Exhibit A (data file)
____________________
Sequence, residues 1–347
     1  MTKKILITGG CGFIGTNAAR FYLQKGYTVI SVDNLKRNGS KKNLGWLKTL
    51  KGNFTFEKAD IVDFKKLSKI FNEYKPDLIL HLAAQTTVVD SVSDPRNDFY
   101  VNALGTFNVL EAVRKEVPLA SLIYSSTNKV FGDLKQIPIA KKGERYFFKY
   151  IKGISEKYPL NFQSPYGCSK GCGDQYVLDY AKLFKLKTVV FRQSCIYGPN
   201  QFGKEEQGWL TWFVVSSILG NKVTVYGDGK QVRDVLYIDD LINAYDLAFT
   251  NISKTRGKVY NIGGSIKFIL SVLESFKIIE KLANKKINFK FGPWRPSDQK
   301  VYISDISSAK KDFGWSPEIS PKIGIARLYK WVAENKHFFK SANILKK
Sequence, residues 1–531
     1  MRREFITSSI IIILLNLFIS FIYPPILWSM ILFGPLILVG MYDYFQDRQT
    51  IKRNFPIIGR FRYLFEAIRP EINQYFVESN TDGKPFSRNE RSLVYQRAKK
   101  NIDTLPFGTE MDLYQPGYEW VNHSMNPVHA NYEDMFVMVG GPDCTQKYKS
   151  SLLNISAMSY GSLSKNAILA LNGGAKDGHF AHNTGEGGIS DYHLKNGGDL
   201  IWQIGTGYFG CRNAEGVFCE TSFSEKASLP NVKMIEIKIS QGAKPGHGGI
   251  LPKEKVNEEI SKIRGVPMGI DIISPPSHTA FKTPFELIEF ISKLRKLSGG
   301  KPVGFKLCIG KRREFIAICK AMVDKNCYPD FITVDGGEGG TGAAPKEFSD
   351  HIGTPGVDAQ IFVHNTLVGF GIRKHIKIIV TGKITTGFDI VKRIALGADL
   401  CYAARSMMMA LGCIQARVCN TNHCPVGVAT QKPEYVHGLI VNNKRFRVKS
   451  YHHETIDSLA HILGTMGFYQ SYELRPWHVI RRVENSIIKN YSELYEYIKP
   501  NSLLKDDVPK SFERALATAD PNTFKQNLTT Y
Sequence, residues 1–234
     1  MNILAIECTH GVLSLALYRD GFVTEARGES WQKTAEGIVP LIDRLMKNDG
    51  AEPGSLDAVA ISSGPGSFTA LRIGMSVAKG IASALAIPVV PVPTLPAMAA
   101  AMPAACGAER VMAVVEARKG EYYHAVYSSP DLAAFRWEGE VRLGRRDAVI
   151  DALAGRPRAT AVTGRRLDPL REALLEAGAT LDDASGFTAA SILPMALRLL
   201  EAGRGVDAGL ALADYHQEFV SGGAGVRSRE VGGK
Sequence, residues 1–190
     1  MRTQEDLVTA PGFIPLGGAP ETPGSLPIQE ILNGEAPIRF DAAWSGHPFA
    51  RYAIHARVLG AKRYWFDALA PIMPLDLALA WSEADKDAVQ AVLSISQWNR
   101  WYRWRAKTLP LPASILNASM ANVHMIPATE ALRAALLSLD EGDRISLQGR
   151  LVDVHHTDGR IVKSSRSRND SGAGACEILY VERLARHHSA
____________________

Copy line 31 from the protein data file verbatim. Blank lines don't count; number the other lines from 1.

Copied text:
   151  LVDVHHTDGR IVKSSRSRND SGAGACEILY VERLARHHSA